Reintroduced bill pushes for municipalities to set their own minimum wage

Service workers demand $15 minimum wage
Service industry workers at the National Mall listen to remarks and hold up signs during a rally in support of the introduction of the Raise the Wage Act, which includes a $15 minimum wage for tipped workers and is also included in President Biden's American Rescue Plan, Jan. 26, 2021, Washington, D.C. Photo credit Jemal Countess/Getty Images for One Fair Wage

PHILADELPHIA (KYW Newsradio) — The Pennsylvania Legislature hasn’t raised the minimum wage in more than 10 years. State Rep. Kevin Boyle wants to change that — and leave it up to municipalities themselves.

Boyle, who represents parts of Philadelphia and Montgomery counties, has reintroduced a bill that would allow cities and towns to set their own minimum wage. The bill would eliminate part of the current preemption law, which prohibits local municipalities from setting their own minimum wage.

Boyle introduced an amendment to Act 112 of the Pennsylvania Minimum Wage Act of 2006.

“My bill allows for local county governments in Pennsylvania, including Philadelphia City Council, to set their own minimum wage,” Boyle said. “We’ve consistently in the state Capitol tried to raise the minimum wage — going back to the last time it was increased in 2009 — but we've been unsuccessful.”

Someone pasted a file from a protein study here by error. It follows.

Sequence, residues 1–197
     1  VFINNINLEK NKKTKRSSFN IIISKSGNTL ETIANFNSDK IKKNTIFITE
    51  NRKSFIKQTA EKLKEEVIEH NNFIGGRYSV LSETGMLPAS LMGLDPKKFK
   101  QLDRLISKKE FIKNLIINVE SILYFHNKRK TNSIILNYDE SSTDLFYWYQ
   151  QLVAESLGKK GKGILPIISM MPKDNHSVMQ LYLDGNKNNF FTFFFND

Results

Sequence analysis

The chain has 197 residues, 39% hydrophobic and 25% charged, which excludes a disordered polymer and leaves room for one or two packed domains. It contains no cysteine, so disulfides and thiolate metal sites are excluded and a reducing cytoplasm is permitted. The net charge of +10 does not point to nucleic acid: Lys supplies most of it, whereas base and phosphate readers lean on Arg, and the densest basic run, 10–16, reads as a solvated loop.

The state’s current minimum wage is $7.25. Republican lawmakers argue increasing the minimum wage would benefit wealthier counties and not less affluent ones.

Republicans currently control the Pennsylvania House and Senate.

“It reflects what the biggest argument was by Republicans against it, which was, ‘Hey you people in Philadelphia and Montgomery County, you have a higher cost of living. If we raise the minimum wage statewide, you know that’ll lead to businesses closing in Cameron County and Sullivan County.’ Well, I don’t agree with that argument from the GOP,” countered Boyle.

“I’m offering a compromise, and this compromise would allow for the individual counties to set their own wage. And to me, with this bill, there are no longer any arguments that are legitimate in opposition to it because it reflects the cost of living difference in the state of Pennsylvania.”

Boyle believes he may have the support to push the measure out of committee. Last week, two Republican state senators — Dan Laughlin of Erie County and Pat Browne of Lehigh County — expressed support to increase the state minimum wage to $10 an hour.

Every state that borders Pennsylvania, including West Virginia, has a higher minimum wage. Boyle said $7.25 is not a living wage, and he believes the tide is turning.

“We’ve seen nationally that the issue of the minimum wage increase has been discussed in Congress, and I think that that demonstrates the momentum in this direction,” he said.